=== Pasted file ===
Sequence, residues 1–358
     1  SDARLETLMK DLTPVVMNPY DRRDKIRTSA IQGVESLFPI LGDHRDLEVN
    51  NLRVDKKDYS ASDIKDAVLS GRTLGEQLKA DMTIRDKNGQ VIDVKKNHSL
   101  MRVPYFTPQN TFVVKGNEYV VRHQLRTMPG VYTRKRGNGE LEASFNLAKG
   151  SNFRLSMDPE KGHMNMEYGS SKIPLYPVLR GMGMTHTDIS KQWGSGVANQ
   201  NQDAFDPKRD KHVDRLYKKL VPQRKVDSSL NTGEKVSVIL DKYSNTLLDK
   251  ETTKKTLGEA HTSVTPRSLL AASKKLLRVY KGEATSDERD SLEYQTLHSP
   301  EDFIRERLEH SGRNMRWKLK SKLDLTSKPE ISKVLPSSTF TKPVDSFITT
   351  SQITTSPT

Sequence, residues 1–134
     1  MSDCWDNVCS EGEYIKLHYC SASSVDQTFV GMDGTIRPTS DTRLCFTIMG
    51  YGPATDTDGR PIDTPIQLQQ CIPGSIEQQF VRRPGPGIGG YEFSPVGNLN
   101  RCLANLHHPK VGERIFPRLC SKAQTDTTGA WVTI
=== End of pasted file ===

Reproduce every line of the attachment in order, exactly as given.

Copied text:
Sequence, residues 1–358
     1  SDARLETLMK DLTPVVMNPY DRRDKIRTSA IQGVESLFPI LGDHRDLEVN
    51  NLRVDKKDYS ASDIKDAVLS GRTLGEQLKA DMTIRDKNGQ VIDVKKNHSL
   101  MRVPYFTPQN TFVVKGNEYV VRHQLRTMPG VYTRKRGNGE LEASFNLAKG
   151  SNFRLSMDPE KGHMNMEYGS SKIPLYPVLR GMGMTHTDIS KQWGSGVANQ
   201  NQDAFDPKRD KHVDRLYKKL VPQRKVDSSL NTGEKVSVIL DKYSNTLLDK
   251  ETTKKTLGEA HTSVTPRSLL AASKKLLRVY KGEATSDERD SLEYQTLHSP
   301  EDFIRERLEH SGRNMRWKLK SKLDLTSKPE ISKVLPSSTF TKPVDSFITT
   351  SQITTSPT

Sequence, residues 1–134
     1  MSDCWDNVCS EGEYIKLHYC SASSVDQTFV GMDGTIRPTS DTRLCFTIMG
    51  YGPATDTDGR PIDTPIQLQQ CIPGSIEQQF VRRPGPGIGG YEFSPVGNLN
   101  RCLANLHHPK VGERIFPRLC SKAQTDTTGA WVTI